Advice, Breakthroughs, Careers, Challenges, Empowerment, Featured, Inspiration for Change, Inspiring Thoughts, Kathy Caprino, Living Real, Tips for Empowerment, Uncategorized, Women in Business My 52 Mistakes Written by: Kathy Caprino
Share on Facebook1Tweet about this on TwitterShare on LinkedIn9Google+1Share on StumbleUpon0Pin on Pinterest0Digg thisShare on Reddit0Email to someone

(Or: How I’m Turning My Mess into a Message Every Day)

Bottom line – “Embracing and loving who I am and what I’ve done is not a fixed state – it’s a long work in progress.”

As many of my friends know, I’ve immersed myself in a 9-year life reinvention, and shifted from a miserable and chronically ill corporate professional to an author, consultant, speaker and entrepreneur who absolutely loves what she does for a living and what she’s focused on, despite the enormous challenges.

It’s been one heck of a ride, with pitfalls, bumps, highs and transformations, that I barely recognize myself from the individual I was 10 years ago.  The core essence of me is still there, of course, but there’s been so much shifting and morphing that now I see much more clearly what I truly value and need to have in my life and work and family experience.  I “get” myself a lot more deeply than I did before.

The other day, I was talking to a new friend, Justin Krane, about some of the mistakes I made in business and in life, and he mentioned that he’d be really interested in hearing my top ten mistakes in business.  And that got me thinking…

So I’ve decided to come clean with My 52 Mistakes.

Today, I’m starting a new blog/vlog project called “My 52 Mistakes” Project. These are the biggest mistakes I’ve made in my life and work thus far. I want to share them so you won’t feel alone in your mistakes, and you can learn from mine.  (I’ve created a new Facebook page for My 52 Mistakes, so please join me there and add your stories!).

The goal of the My 52 Mistakes Project is to give brief look at the havoc each mistake wreaked in my life, and the breakthrough that emerged from it, so my mistakes can be of use to others.  I’m also hoping this will provide a needed, open forum for women around the world to candidly share their mistakes, what they’ve learned, and how they’ve grown and healed from them.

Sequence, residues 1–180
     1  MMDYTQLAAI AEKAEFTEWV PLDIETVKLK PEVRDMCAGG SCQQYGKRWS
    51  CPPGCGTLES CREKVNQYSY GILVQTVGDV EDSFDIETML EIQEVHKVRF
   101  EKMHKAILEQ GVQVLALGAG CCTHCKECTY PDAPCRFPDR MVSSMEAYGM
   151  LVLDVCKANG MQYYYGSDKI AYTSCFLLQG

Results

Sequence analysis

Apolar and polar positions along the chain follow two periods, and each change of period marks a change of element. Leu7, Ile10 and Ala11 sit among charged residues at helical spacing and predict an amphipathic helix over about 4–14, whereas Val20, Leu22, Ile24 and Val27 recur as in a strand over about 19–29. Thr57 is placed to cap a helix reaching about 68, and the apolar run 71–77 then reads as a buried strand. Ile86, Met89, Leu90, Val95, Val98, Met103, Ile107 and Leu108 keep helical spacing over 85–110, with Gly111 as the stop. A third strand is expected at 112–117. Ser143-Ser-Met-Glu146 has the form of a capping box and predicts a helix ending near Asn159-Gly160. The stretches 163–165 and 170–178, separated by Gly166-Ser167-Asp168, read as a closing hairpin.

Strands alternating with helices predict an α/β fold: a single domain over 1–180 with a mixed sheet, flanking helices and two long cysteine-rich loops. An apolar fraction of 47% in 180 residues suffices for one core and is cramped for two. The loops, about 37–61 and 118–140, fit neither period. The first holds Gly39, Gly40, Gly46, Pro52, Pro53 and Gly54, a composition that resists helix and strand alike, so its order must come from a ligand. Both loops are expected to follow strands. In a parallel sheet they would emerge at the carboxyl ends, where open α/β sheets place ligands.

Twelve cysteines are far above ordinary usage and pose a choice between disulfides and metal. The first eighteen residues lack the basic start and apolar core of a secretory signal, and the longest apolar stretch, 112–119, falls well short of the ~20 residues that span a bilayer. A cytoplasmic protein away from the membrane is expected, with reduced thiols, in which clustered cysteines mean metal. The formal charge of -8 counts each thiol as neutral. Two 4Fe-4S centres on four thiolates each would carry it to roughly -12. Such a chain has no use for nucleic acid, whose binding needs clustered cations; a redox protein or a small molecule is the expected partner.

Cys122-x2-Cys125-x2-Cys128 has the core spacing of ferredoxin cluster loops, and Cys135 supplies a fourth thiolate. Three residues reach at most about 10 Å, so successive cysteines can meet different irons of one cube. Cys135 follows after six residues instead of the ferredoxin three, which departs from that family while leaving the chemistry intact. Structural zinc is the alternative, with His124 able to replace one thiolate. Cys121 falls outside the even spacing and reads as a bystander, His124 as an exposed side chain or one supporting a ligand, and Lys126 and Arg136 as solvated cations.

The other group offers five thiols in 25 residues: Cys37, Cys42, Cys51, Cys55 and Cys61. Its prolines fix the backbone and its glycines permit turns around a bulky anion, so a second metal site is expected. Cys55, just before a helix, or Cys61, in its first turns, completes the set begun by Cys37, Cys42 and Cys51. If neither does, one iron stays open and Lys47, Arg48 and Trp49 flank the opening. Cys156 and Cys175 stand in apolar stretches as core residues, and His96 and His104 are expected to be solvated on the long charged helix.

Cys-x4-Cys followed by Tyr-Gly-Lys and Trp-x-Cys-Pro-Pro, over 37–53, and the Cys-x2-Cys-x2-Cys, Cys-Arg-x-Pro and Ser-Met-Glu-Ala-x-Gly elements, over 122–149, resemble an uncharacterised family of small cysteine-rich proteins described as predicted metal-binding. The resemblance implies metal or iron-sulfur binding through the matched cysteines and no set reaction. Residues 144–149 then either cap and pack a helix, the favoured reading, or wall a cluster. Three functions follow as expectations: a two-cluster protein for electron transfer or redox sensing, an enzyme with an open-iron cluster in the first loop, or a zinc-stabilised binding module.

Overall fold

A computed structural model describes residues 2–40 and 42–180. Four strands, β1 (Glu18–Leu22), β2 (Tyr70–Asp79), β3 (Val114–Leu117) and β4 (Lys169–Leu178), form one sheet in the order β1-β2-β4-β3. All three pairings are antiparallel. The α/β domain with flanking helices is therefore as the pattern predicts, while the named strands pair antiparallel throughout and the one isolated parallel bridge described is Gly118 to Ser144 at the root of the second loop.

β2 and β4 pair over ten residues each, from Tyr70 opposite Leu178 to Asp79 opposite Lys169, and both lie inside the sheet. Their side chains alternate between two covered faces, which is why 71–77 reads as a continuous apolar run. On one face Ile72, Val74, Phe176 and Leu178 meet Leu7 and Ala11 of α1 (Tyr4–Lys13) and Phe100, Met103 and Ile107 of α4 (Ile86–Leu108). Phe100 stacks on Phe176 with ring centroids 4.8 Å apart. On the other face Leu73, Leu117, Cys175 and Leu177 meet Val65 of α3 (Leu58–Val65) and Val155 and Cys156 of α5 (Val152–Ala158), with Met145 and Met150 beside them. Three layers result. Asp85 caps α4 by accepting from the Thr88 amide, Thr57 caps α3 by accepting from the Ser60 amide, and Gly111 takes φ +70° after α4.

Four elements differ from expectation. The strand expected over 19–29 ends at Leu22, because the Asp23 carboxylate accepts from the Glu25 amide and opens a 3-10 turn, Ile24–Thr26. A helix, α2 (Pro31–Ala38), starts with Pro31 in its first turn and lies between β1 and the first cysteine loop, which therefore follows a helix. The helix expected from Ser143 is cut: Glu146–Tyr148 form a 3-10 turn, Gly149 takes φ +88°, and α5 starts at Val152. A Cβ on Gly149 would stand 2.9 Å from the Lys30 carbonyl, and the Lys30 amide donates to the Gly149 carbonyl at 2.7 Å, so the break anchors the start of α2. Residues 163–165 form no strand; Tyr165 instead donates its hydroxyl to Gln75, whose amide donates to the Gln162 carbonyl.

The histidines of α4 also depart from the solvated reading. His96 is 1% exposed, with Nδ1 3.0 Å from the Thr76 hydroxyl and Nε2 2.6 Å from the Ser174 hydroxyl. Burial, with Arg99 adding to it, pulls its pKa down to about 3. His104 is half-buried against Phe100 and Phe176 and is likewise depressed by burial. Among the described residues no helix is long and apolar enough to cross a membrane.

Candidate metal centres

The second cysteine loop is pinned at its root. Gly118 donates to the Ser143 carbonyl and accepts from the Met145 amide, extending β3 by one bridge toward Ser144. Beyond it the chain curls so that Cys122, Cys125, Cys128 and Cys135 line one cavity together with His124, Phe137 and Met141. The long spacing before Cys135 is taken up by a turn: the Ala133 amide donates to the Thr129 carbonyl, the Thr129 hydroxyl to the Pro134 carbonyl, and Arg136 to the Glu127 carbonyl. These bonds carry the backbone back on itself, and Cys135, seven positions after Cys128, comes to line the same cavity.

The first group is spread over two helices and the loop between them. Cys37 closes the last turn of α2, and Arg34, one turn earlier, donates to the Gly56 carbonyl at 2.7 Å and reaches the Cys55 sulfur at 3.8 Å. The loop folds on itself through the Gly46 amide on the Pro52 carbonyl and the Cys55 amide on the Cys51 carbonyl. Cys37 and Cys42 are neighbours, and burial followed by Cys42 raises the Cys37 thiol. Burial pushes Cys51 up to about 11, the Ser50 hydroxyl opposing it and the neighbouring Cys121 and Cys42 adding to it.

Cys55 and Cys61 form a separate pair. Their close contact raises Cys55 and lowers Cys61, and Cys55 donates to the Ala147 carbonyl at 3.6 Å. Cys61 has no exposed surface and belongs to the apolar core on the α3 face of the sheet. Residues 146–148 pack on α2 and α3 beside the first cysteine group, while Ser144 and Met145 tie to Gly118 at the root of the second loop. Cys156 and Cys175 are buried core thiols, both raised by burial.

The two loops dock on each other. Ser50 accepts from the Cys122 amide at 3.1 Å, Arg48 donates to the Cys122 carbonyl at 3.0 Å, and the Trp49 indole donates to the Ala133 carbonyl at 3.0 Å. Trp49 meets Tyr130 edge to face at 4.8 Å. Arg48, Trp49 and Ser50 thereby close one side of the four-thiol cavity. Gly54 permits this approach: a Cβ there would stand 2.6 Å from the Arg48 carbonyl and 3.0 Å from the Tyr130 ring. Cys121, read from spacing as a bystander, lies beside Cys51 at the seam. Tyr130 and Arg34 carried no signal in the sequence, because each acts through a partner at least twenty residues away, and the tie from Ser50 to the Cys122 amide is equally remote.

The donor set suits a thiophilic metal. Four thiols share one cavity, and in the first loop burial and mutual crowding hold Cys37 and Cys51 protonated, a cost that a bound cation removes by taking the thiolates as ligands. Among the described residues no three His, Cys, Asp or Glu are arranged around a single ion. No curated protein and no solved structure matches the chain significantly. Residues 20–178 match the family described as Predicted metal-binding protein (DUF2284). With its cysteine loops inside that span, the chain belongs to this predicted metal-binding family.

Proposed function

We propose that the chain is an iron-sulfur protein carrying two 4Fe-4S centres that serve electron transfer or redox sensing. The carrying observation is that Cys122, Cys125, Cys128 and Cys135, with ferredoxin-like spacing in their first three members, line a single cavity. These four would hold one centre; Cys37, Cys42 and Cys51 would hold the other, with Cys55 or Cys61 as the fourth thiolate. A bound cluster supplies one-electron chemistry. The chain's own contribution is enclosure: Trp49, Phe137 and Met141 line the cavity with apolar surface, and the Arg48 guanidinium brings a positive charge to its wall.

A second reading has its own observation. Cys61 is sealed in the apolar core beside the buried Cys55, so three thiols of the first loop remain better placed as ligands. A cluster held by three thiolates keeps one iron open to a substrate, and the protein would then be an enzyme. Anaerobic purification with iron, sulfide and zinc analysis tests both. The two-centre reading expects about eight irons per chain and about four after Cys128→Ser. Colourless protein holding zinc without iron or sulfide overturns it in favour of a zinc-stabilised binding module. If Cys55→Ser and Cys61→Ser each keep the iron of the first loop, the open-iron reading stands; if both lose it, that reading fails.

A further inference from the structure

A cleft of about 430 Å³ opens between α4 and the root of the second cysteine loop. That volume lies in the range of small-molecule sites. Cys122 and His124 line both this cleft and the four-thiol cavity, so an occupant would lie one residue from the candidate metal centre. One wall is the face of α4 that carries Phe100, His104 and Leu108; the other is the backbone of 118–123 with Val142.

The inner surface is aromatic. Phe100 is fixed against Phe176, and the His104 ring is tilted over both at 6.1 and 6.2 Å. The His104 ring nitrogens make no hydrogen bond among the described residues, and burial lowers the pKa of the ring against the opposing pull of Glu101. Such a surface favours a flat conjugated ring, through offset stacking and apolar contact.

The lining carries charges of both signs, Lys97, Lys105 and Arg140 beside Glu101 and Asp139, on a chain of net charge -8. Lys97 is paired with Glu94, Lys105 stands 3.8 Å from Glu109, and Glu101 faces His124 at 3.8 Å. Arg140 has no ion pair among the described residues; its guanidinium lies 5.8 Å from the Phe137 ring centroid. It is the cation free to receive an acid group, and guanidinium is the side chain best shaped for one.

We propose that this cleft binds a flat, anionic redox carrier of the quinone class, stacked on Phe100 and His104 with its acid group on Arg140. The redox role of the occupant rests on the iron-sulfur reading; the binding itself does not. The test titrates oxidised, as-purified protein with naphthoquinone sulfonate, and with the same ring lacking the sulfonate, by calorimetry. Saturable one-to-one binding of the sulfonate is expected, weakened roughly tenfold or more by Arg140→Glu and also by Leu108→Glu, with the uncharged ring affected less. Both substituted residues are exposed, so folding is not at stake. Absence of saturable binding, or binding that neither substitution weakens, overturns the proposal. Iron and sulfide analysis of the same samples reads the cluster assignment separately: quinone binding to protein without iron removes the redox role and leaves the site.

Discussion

For this project to help as many people as I hope it will, I need more than just my experiences, I need yours – your stories, lessons, mistakes and breakthroughs – I need it all!  We’ve spent a good deal of time here together building our community, and now we can help each other with our collective wisdom. 

Which of these mistakes resonates for you?  What other mistakes would you add to your list?  Show me your lists, and tell me your top three.  (We’re getting honest here people!)  And please pass this along to anyone you know who’s committed to learning from mistakes and experiencing breakthrough.  Comment here or email me.

Let’s do this together!  Let’s turn our messes into messages of honesty, forgiveness, and acceptance.  I hope I”ll see you the Facebook page My 52 Mistakes.   And all along the way, know that I love you, my friends – mistakes, warts and all!  xo

Here goes…

My 52 Mistakes…

As a professional…

1) Letting my ego lead me around by the nose

2) Believing the myth, “Build It and They Will Come”

3) Letting the “pendulum effect” rule my life (Waiting too long to take action, then being devastated and running to the opposite extreme)

4) Spending too much money on my business before learning how to earn

5) Listening to people who claimed to be experts but who are in fact full of s—t

6) Putting all my eggs in the Plan A basket without having a Plan B

7) Holding back from sharing my insights, wisdom, and knowledge for fear I’ll give too much away for free

 8) Not listening enough to my instincts and my gut feelings about people and directions

9) Ignoring my husband when he said, “This is not working!!”

10) Running around thinking I’m God’s gift to the world

11) Wasting time in the company of people I don’t adore and respect